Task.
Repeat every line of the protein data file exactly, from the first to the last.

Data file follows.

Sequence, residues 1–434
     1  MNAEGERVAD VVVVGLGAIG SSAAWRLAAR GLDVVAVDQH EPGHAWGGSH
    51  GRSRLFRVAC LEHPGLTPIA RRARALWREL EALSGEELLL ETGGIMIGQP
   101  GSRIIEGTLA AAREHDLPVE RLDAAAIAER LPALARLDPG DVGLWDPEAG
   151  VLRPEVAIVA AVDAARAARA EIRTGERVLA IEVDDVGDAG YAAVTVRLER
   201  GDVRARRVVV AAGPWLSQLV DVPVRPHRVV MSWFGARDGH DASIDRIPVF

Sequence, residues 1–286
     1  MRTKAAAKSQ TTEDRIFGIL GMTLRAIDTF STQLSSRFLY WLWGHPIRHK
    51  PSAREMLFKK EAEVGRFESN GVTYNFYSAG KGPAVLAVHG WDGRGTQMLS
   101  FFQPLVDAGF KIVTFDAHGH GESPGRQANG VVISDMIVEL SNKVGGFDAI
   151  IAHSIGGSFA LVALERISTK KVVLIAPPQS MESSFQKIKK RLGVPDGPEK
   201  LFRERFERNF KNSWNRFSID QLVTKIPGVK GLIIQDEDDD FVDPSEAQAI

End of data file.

Sequence, residues 1–434
     1  MNAEGERVAD VVVVGLGAIG SSAAWRLAAR GLDVVAVDQH EPGHAWGGSH
    51  GRSRLFRVAC LEHPGLTPIA RRARALWREL EALSGEELLL ETGGIMIGQP
   101  GSRIIEGTLA AAREHDLPVE RLDAAAIAER LPALARLDPG DVGLWDPEAG
   151  VLRPEVAIVA AVDAARAARA EIRTGERVLA IEVDDVGDAG YAAVTVRLER
   201  GDVRARRVVV AAGPWLSQLV DVPVRPHRVV MSWFGARDGH DASIDRIPVF

Sequence, residues 1–286
     1  MRTKAAAKSQ TTEDRIFGIL GMTLRAIDTF STQLSSRFLY WLWGHPIRHK
    51  PSAREMLFKK EAEVGRFESN GVTYNFYSAG KGPAVLAVHG WDGRGTQMLS
   101  FFQPLVDAGF KIVTFDAHGH GESPGRQANG VVISDMIVEL SNKVGGFDAI
   151  IAHSIGGSFA LVALERISTK KVVLIAPPQS MESSFQKIKK RLGVPDGPEK
   201  LFRERFERNF KNSWNRFSID QLVTKIPGVK GLIIQDEDDD FVDPSEAQAI